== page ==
PayPal founder and early LinkedIn and Facebook investor Peter Thiel agrees with our assessment:The Wall Street banks that took LinkedIn (LNKD) public drastically underpriced the IPO, screwing the company and its selling shareholders out of ~$200 million.
Here’s what Thiel told the Financial Times:
“Whenever a stock price goes up as much as it does with LinkedIn, you assume the IPO was mispriced and the bankers screwed up…There continues to be a certain antipathy by Wall Street banks toward Silicon Valley companies where they don’t quite believe it’s real.”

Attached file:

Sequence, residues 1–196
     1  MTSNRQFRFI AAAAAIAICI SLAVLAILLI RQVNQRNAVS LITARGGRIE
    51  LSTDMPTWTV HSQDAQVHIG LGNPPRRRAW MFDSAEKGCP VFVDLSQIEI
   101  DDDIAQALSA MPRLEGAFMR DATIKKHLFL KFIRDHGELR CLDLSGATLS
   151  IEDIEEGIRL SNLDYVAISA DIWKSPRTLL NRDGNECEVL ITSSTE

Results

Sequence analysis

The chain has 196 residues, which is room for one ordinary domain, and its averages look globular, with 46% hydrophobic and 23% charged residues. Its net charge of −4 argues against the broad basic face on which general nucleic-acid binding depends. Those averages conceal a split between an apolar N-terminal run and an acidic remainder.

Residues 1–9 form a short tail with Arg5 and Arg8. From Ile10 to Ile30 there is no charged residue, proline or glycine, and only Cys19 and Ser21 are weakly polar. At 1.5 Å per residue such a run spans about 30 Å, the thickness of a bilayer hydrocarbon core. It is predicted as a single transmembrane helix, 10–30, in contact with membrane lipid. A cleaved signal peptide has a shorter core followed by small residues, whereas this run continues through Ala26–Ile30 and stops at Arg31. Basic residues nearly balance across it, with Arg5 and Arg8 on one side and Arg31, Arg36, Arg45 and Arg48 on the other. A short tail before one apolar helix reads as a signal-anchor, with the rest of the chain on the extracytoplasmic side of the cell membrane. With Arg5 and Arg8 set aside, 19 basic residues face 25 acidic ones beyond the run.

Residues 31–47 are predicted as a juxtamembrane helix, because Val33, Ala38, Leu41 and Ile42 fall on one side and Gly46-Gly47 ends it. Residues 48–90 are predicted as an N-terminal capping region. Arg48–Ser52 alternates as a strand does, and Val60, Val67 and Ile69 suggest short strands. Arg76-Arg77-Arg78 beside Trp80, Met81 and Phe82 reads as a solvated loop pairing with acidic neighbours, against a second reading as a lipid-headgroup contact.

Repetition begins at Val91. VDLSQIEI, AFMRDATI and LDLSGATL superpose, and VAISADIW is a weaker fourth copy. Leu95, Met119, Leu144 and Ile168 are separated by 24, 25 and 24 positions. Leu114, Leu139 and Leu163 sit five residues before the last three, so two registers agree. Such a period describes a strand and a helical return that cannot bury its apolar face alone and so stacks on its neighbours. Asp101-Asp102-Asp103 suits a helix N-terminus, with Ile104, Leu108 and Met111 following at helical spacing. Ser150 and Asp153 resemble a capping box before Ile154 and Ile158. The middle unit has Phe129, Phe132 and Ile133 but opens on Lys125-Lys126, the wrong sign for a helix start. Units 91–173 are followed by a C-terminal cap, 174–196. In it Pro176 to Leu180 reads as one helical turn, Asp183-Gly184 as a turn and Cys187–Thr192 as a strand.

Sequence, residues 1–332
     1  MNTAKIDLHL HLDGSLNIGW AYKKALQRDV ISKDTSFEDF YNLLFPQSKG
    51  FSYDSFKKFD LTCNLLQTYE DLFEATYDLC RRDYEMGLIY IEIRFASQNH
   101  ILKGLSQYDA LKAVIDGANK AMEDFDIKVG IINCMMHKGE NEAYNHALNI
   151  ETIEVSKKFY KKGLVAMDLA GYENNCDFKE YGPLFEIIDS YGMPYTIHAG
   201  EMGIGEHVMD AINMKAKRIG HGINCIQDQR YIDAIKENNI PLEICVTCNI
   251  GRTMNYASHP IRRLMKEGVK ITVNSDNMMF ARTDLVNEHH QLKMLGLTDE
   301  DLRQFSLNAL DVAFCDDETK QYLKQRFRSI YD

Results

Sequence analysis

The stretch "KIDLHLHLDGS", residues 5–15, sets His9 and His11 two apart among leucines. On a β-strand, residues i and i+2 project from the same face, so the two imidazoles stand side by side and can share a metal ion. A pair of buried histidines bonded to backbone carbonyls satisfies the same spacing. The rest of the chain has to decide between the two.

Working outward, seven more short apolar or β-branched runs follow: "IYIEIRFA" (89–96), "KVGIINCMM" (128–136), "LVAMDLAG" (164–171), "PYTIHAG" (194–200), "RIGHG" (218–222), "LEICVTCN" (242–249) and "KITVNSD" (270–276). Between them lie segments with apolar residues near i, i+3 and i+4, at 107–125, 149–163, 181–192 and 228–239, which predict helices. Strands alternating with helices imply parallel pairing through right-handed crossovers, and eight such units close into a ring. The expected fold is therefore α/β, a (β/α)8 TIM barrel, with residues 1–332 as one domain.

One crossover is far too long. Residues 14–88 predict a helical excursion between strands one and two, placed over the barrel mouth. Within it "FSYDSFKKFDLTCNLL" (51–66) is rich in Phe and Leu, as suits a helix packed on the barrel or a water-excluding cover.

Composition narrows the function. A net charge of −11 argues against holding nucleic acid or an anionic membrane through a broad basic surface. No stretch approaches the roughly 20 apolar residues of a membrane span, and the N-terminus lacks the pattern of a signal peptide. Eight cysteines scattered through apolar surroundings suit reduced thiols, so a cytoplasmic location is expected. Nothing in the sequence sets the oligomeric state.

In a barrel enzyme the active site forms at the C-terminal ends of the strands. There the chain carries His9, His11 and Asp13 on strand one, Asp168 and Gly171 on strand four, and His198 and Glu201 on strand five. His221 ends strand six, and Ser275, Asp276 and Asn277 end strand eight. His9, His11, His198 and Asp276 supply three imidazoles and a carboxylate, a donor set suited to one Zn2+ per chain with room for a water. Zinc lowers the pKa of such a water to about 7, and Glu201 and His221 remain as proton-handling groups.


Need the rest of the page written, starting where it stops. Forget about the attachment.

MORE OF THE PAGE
In the wake of the LinkedIn mispricing, a recognition that IPO pops are bad, not good, appears to be spreading.
And just in time!
As the IPO market heats up, more and more companies are lining up to go public. Instead of buying Wall Street’s story that an IPO is a “pricing event, not a fundraising event,” they should hold their bankers’ feet to the fire and insist that they price the deals fairly.
Any IPO “pop” more than the standard 15%-20% is a gift to huge institutional investors at the expense of the company and selling shareholders. Wall Street has lots of stories about why this gift is necessary and even desirable, but they are just self-serving rationalizations. A 15%-20% IPO discount is plenty to bring quality institutions to the table and incent them to take a chance on IPOs. Selling stock at a price below that is just throwing money away.